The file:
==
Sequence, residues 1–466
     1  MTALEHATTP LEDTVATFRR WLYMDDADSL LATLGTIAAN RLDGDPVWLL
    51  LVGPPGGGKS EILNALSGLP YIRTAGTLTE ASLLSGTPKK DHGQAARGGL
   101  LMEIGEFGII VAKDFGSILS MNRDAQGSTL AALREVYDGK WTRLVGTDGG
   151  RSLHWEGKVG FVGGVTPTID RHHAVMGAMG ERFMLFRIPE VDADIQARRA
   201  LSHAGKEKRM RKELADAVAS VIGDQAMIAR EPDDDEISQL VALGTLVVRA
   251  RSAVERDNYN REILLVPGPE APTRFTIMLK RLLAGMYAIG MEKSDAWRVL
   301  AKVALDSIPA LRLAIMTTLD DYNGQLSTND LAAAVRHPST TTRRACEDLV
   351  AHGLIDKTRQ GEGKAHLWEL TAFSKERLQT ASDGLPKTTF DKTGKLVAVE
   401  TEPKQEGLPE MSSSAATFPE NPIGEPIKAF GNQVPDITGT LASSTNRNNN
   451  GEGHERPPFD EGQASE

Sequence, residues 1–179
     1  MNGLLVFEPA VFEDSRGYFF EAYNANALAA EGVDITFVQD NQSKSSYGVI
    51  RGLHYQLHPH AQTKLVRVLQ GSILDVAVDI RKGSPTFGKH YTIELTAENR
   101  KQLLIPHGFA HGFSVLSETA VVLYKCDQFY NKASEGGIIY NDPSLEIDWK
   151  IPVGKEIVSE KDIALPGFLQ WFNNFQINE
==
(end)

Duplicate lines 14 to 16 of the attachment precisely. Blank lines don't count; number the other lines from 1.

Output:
    51  RGLHYQLHPH AQTKLVRVLQ GSILDVAVDI RKGSPTFGKH YTIELTAENR
   101  KQLLIPHGFA HGFSVLSETA VVLYKCDQFY NKASEGGIIY NDPSLEIDWK
   151  IPVGKEIVSE KDIALPGFLQ WFNNFQINE